Saturday, October 22, 2011

15th Century Apron

For a while now, I've given some thought to doing a new apron.  I have already tried my hand at smocked aprons (first doing it the wrong way, then doing it right but with a colored thread), and though I don't think that I've really gotten the hang of that method, it isn't actually appropriate for the 15th century.  Looking around, including over at, at a narrow span of years between 1420 and 1440, I've seen very little variation in apron types for women.  There is one primary type- a plain, long, wide apron with a waist tie- as well as a rarer type that uses a triangular piece on top that secures at the center chest in some fashion.  This later version seems to be pretty task-specific, so in terms of an apron for any use, the simpler apron is the better option.

It's kind of a bummer, really, that an appropriate apron isn't anything fancy, but it does present an opportunity to really take a look at craftsmanship applied to simple construction.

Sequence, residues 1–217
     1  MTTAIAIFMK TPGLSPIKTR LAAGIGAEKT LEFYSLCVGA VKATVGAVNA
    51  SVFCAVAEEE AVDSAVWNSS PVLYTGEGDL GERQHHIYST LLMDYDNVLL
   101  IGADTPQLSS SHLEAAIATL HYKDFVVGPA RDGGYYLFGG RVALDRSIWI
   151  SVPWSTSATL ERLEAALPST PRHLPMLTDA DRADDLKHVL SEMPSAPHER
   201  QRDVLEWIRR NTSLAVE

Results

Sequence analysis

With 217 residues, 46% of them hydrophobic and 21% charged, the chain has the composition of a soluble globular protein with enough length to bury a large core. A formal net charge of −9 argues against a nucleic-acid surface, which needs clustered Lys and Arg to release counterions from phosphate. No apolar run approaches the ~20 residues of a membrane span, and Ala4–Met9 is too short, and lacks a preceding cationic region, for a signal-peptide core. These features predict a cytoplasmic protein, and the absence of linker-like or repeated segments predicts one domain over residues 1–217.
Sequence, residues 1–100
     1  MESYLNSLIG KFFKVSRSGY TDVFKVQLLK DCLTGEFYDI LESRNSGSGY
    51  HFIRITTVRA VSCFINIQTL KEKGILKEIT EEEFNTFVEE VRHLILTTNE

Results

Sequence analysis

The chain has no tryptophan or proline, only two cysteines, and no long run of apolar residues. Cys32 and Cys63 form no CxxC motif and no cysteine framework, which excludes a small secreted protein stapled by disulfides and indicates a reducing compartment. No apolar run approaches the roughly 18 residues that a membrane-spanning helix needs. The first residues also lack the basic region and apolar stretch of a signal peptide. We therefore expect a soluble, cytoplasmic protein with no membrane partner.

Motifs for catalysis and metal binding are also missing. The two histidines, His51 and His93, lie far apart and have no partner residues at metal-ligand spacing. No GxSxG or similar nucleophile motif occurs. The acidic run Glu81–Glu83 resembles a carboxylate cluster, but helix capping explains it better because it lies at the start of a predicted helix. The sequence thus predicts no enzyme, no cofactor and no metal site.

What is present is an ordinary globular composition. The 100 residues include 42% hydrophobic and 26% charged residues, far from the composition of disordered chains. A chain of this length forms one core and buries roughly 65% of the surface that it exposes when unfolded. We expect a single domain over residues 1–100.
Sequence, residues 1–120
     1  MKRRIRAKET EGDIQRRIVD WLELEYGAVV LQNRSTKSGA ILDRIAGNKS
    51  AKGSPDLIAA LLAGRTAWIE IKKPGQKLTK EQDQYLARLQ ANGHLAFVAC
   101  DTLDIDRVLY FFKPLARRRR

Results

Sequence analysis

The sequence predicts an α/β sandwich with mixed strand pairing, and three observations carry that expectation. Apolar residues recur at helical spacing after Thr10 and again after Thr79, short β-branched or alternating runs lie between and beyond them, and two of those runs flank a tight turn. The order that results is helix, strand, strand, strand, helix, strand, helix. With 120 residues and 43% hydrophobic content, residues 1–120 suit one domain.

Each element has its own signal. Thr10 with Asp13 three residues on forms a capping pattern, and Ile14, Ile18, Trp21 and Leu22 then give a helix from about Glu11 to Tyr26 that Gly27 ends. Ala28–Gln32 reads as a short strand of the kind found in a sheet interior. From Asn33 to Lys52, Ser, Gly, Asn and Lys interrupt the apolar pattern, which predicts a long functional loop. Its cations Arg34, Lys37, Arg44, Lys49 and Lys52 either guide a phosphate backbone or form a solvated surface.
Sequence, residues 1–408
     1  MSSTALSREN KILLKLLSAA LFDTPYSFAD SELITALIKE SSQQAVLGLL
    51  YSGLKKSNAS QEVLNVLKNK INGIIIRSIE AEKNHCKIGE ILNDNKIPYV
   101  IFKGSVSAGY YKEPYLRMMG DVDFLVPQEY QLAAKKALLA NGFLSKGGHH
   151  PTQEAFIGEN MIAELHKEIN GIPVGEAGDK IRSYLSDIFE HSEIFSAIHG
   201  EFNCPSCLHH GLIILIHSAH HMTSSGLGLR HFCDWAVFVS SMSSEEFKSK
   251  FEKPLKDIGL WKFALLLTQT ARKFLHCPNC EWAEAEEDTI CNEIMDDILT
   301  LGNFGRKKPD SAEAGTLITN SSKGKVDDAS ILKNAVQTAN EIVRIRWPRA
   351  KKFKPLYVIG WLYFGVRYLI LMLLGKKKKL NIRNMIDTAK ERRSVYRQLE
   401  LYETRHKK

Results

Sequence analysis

Most of the samples indicate that a wider apron was preferred, wrapping at least to the very sides of the hips.  One example is from the Tacuinum Sanitatis Butter illumination (pictured).  The apron's tie doesn't really look like a separate band.  It looks more like the top corners of the apron that have been elongated (through cutting or stretching them that way) to tie around the waist.

This doesn't really give me much to work with in terms of technical difficulty, unfortunately.  I'm wondering if I can also work in a bit of drawn work, like this, to achieve something slightly more special.  I've never attempted drawn work, but this seems fairly beginner level.

Not sure I have the linen on hand at the moment, but aprons were almost always white linen, so that shouldn't be difficult to obtain.  Plus I've got some modern sewing projects I need to do before the end of next month (for the baby).  And my website redesign, which I had to put on hold until we get a bit more settled in. 

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